The government has acted to clarify the requirements from Ofsted. But it's really Annex C of the response document - 'Strategies for tackling workload in schools' - that holds the keys to resolving this critical issue. Importantly, it is derived from  suggestions made by the teachers that responded to the Workload Challenge.

This in a nutshell is how we can make real strides forward to make teaching a more attractive profession once again.  We need more opportunities to improve things with through peer support and guidance.

High-quality CPD and new ways to collaborate with one another will be the biggest driver for change and improvement. ATL and its members have an important role to play in putting the attractiveness back into teaching before we loose our brightest teachers and their wealth of expertise and experience.

ATL Future members will be taking forward their work on the attractiveness of teaching as a profession in a session at Conference on Monday 30 March.

By Abbie Hayden, a member of ATL Future.

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As mum of a student teacher I have been dismayed to see the impact that the training has had on the health of my son. Regular 12 hour days and weekend working on marking, preparing resources and lesson planning, being left alone in charge of classes, no time to interact with colleagues and constantly being told "that's what teaching is like, get used to it!". All this plus study at Masters level alongside. He was expecting to join a staff team pulling together and sharing experience but no-one has time for this. It's brutal and he is taking a year out at the end of his training to reflect on whether he wants this as a career. Something needs to change!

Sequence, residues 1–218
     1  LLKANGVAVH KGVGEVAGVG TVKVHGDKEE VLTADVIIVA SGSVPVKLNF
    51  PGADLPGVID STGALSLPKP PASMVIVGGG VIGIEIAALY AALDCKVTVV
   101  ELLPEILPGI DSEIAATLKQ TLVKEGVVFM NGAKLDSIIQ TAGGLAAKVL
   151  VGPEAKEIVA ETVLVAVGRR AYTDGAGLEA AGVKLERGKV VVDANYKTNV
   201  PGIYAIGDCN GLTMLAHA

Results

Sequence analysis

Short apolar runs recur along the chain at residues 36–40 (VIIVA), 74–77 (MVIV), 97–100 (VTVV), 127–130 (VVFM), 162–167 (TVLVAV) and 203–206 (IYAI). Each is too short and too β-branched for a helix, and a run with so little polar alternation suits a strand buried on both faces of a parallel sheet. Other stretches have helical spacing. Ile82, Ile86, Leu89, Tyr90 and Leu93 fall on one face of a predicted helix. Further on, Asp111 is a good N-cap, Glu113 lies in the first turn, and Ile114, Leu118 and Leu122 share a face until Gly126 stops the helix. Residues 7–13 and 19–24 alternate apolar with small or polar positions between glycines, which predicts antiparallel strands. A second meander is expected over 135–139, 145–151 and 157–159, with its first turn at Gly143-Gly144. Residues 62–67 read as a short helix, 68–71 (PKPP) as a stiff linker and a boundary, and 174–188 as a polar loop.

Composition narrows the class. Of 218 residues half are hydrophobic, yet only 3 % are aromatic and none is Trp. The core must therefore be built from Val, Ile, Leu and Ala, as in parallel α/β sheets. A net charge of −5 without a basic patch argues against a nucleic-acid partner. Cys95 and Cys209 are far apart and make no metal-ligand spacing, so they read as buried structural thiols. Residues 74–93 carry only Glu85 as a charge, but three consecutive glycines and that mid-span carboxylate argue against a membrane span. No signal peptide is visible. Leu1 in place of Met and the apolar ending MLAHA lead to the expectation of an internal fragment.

I am teaching in FE and coming towards the end of my first year post PGCE. Prioritising your work and simply crossing things off - with no discernible difference to the impact on the learners is a point I am familiar with. it is something that I am aware I need to do. I do however struggle with this greatly because I do not know what it is that I can afford to not do without recriminations from the management in my college. Also, and possibly more importantly, should this unnecessary work be filtered out before it gets to teachers. Is better working practice allowing teachers to be more effective at teaching not a worthwhile investment for employers - this is not directed at my employers, but a more general statement about education as whole. The problem is of course that the bureaucracy required is often nothing to do with the teaching but jumping through hoops for other reasons whether that be Ofsted or other in house quality control systems. By adopting local inspection by those who are best qualified to inspect with an collaborative attitude towards long term improvements for the learners we can reassert out professionalism and improve the outcomes for the learners and those teaching them.